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Iran announced Sunday that it was cutting off crude oil sales to France and England, a mostly symbolic act given that Iran provides England less than 1% of its crude, and France claims that it “practically stopped importing Iranian oil,” according to the head of the Union of Petroleum Industries. A few days later, the head of Iran’s armed forces threatened to attack Israel preemptively through its terrorist proxies in Lebanon and Gaza. The Iranians are once again using bluster to counter the E.U. ban on Iranian oil slated to begin on July 1, and the threat of Belgium-based SWIFT to ban Iran from its system for facilitating transfers of payments among nations through its international network of banks. As a further provocation, the Iranians sent two warships through the Suez Canal in a show of support for global pariah Syria. This follows the Iranian-engineered terrorist attacks on Israeli targets in India, Georgia, and Thailand.
At the same time they threaten and foment terrorist attacks, the Iranians have told the “P5+1” nations (Permanent U.N. Security Council members and Germany) of its “readiness for dialogue” and its “new initiatives” concerning its nuclear program, and has allowed U.N. inspectors back in the country, even though President Ahmadinejad said last week that “Our nuclear program is not a subject for negotiations.” Consistent with this position, inspectors were denied access to military installations believed to house nuclear testing equipment. Validating Iran’s lie that its nuclear program is for domestic energy, Army General Martin Dempsey, the chairman of the U.S. Joint Chiefs of Staff, announced that “we believe we know that the Iranian regime has not decided” to make a nuclear weapon, and that “it would be premature to exclusively decide that the time for a military option is upon us.” The ominous background to all this diplomatic chatter is the continuing speculation about when or if Israel will take military action, or whether Israel has the capacity to degrade Iran’s nuclear facilities enough to make an attack worth the risk and blowback.
It’s not hard to figure out what’s going on in this diplomatic two-step we’ve been dancing with Iran for years. We know that Iran is dead set on acquiring nuclear weapons, or at least “nuclear latency,” the ability quickly to create a weapon. Since its creation in 1979, the Iranian regime has been about more than Iran. As one ayatollah said at the time, the revolution was just “the start of the story. An Islamic and divine government, much like Iran and better, will be created” in other Muslim nations. And more recently, an editorial in the newspaper Kayhan, published by “Supreme Guide” Ali Khamenei, proclaimed Iran’s “fixed strategic goal”: “Our late Imam [Khomeini] openly spoke of raising the flag of Islam on top of the palaces of arrogant power, notably the White House . . . as the goal and purpose of the Islamic Revolution.” Seeing itself as a world-transformative power, Iran has been the foremost inspiration and supporter of jihadist violence, its prestige enhanced by its serial humiliations of the U.S., and by its genocidal aggression against Israel, the “little Satan” to America’s “great Satan.” Given its massive oil reserves, which mean it will always have a source of revenue, an Iran with nuclear arms will be virtually untouchable, and thus able to dominate the Middle East and damage our interests, whether by holding oil exports hostage, sparking a larger arms race in the region, attacking our ally Israel, or handing off nukes to one of its numerous terrorist proxies.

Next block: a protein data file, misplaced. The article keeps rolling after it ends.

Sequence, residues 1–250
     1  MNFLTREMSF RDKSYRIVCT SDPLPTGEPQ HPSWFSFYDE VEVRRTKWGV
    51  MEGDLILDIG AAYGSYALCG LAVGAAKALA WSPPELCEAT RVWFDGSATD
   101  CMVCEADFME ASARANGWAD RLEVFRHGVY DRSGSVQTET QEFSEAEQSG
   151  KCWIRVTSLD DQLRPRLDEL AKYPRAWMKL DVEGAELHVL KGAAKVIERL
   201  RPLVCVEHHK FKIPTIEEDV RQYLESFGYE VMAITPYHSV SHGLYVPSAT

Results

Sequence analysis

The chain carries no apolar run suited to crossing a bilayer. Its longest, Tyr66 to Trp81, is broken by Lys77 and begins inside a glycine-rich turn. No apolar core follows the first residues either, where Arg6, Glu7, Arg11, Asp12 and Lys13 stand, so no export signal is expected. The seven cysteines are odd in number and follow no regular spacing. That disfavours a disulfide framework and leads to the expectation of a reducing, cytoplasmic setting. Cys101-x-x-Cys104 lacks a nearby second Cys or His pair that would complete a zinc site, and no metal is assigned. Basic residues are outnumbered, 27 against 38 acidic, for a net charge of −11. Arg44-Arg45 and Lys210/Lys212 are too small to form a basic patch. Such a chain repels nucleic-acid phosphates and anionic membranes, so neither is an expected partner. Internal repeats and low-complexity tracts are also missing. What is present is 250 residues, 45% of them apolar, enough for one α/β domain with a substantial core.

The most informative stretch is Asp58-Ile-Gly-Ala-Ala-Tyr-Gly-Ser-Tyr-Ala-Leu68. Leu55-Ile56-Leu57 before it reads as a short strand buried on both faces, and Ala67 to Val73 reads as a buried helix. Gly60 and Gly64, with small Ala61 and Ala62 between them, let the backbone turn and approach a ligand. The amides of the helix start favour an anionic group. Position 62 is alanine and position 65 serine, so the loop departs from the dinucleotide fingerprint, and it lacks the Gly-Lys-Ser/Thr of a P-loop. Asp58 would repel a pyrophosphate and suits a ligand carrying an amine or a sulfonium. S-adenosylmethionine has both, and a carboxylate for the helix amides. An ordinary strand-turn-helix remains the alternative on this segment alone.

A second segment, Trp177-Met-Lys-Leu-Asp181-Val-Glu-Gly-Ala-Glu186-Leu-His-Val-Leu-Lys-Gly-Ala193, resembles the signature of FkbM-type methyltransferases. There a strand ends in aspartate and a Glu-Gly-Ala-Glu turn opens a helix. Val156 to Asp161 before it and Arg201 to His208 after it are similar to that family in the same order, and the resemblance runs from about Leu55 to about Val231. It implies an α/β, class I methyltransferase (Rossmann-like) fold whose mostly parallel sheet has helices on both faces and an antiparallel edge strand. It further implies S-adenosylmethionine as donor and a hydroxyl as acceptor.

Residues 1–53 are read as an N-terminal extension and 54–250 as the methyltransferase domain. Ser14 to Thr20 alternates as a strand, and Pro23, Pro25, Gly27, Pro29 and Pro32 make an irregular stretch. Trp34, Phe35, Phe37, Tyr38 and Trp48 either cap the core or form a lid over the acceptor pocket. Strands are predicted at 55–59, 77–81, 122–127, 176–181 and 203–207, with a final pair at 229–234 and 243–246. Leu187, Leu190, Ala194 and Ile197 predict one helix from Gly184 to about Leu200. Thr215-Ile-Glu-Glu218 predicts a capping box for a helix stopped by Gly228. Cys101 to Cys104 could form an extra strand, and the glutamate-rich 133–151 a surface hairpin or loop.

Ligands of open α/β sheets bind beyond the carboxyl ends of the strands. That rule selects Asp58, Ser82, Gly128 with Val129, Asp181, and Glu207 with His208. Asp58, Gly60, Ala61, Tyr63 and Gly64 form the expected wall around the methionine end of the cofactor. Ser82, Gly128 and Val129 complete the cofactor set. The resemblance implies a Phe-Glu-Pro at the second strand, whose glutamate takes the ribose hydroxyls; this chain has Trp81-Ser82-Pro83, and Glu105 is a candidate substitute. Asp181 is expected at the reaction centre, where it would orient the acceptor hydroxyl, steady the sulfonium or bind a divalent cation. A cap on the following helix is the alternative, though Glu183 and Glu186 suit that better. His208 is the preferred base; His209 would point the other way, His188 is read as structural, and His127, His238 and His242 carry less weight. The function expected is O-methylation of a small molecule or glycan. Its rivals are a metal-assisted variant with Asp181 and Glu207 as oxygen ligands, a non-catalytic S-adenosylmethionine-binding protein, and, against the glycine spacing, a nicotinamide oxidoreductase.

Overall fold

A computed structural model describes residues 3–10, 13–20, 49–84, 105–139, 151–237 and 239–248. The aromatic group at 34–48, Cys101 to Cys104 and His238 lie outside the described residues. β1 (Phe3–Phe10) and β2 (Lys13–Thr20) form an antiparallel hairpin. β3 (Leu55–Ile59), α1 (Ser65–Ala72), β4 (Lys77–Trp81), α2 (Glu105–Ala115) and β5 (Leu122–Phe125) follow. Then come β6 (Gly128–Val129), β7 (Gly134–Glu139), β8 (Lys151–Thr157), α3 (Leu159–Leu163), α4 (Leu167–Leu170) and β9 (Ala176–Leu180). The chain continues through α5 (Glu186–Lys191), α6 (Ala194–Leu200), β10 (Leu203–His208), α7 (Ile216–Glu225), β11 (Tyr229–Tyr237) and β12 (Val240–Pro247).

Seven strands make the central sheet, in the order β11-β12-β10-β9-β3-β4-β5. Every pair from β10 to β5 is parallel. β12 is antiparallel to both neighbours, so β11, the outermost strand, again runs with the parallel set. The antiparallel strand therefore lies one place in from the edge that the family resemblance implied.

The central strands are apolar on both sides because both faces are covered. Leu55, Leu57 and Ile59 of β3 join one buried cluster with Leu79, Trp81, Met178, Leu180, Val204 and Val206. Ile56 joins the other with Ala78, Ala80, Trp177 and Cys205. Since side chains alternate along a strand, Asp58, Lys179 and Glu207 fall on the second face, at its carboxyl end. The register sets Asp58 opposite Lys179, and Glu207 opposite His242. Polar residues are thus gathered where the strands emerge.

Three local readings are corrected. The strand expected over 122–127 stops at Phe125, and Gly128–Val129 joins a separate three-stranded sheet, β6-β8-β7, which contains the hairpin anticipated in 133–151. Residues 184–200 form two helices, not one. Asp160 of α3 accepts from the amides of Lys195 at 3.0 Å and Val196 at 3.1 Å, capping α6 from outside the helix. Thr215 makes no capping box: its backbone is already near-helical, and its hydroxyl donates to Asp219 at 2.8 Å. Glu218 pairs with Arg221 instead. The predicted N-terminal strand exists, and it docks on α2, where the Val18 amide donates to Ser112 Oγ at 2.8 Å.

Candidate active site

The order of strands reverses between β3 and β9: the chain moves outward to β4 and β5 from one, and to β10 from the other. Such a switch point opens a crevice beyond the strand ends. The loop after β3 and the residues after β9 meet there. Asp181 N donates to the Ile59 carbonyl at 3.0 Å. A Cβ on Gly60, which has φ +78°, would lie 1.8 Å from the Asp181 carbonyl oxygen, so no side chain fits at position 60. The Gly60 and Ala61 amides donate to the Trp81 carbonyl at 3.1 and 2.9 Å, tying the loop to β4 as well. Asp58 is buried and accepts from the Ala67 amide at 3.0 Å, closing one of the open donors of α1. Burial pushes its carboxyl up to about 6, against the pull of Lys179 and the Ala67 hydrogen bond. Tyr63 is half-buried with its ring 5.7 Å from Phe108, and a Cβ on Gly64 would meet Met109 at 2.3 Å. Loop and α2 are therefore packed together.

Equally obvious is the feckless response of the West to this threat, which seems to have followed a Micawberesque policy of hoping “something will turn up.” Unwilling to act, for years now we have substituted inspections, “talks,” and sanctions as toothless substitutes for action. At least we are consistent, for this is precisely how the West handled the embassy hostage crisis in 1979. Then too we tried sanctions, secret offers to negotiate, and trade embargoes in order to change Iranian behavior. But political, national, and economic self-interest rendered them all ineffectual. For example, the NATO countries were begged to impose a trade embargo, but threats by President Bani-Sadr to cut off oil to Europe––sound familiar?–– led to a weakened and hence ineffectual policy. As the Economist pointed out at the time, “The denial of material things is unlikely to have much effect on minds suffused with immaterial things.” The Iranians never have acted by the materialist calculus we have used in our dealings with them.
Moreover, today’s Iran has North Korea as the model for dealing with the West by using diplomatic and inspections processes to create time for achieving nuclear capability. And North Korea is an economic basket case that can’t even feed its own people, unlike Iran, whose oil somebody will figure out a way to buy no matter how many allegedly “crippling” sanctions the West imposes. Yet despite this history, Western leaders continue to assert that “sanctions are working” and that a bit more time will bring Iran to its knees, as Dennis Ross, who was Obama’s Middle East advisor, recently asserted. Meanwhile, Iran’s thousands of recently announced new-generation centrifuges will soon start spinning out even more enriched fuel necessary for weapons.
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